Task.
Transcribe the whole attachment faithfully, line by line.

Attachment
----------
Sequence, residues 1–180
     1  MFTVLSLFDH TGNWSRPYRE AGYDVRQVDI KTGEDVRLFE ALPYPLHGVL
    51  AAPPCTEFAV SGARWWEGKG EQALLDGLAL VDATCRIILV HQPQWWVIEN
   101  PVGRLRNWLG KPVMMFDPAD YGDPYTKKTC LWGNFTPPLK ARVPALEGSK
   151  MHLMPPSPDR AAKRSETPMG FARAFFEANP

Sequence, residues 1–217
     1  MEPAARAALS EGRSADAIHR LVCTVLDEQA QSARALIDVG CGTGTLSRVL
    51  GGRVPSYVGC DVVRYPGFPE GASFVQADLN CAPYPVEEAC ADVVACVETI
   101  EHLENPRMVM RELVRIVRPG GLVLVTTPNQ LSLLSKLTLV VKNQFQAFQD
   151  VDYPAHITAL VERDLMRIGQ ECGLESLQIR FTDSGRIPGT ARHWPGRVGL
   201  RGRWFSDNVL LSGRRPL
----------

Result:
Sequence, residues 1–180
     1  MFTVLSLFDH TGNWSRPYRE AGYDVRQVDI KTGEDVRLFE ALPYPLHGVL
    51  AAPPCTEFAV SGARWWEGKG EQALLDGLAL VDATCRIILV HQPQWWVIEN
   101  PVGRLRNWLG KPVMMFDPAD YGDPYTKKTC LWGNFTPPLK ARVPALEGSK
   151  MHLMPPSPDR AAKRSETPMG FARAFFEANP

Sequence, residues 1–217
     1  MEPAARAALS EGRSADAIHR LVCTVLDEQA QSARALIDVG CGTGTLSRVL
    51  GGRVPSYVGC DVVRYPGFPE GASFVQADLN CAPYPVEEAC ADVVACVETI
   101  EHLENPRMVM RELVRIVRPG GLVLVTTPNQ LSLLSKLTLV VKNQFQAFQD
   151  VDYPAHITAL VERDLMRIGQ ECGLESLQIR FTDSGRIPGT ARHWPGRVGL
   201  RGRWFSDNVL LSGRRPL